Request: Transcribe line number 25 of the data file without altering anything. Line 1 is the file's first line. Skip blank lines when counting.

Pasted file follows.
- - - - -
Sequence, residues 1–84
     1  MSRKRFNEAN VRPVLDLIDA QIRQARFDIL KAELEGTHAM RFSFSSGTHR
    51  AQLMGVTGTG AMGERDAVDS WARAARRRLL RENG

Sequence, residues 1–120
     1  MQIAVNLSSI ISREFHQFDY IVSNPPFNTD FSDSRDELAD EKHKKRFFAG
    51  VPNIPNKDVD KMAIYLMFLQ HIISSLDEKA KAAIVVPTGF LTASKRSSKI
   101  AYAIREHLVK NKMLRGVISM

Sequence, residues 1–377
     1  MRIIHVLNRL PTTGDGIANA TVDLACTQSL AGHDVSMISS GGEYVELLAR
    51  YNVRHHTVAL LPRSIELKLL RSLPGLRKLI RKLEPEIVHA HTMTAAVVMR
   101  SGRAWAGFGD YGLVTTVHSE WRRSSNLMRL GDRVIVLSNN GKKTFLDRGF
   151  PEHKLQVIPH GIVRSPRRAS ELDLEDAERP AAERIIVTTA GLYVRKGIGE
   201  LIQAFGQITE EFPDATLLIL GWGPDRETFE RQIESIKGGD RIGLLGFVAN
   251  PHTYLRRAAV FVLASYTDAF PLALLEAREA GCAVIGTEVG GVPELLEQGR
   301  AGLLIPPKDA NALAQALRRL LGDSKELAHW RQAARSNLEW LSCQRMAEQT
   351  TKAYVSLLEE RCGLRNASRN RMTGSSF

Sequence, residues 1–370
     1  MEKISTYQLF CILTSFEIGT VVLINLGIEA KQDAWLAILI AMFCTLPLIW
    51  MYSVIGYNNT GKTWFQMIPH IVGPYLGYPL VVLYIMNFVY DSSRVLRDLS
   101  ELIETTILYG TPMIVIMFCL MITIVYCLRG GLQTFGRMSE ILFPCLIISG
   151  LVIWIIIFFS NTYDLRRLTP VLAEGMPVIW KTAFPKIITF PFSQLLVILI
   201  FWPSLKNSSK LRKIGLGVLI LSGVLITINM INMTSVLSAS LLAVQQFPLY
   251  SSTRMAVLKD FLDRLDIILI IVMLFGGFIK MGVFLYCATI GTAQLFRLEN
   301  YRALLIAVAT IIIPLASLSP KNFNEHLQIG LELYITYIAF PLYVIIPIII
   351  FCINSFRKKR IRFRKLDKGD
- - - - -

   351  FCINSFRKKR IRFRKLDKGD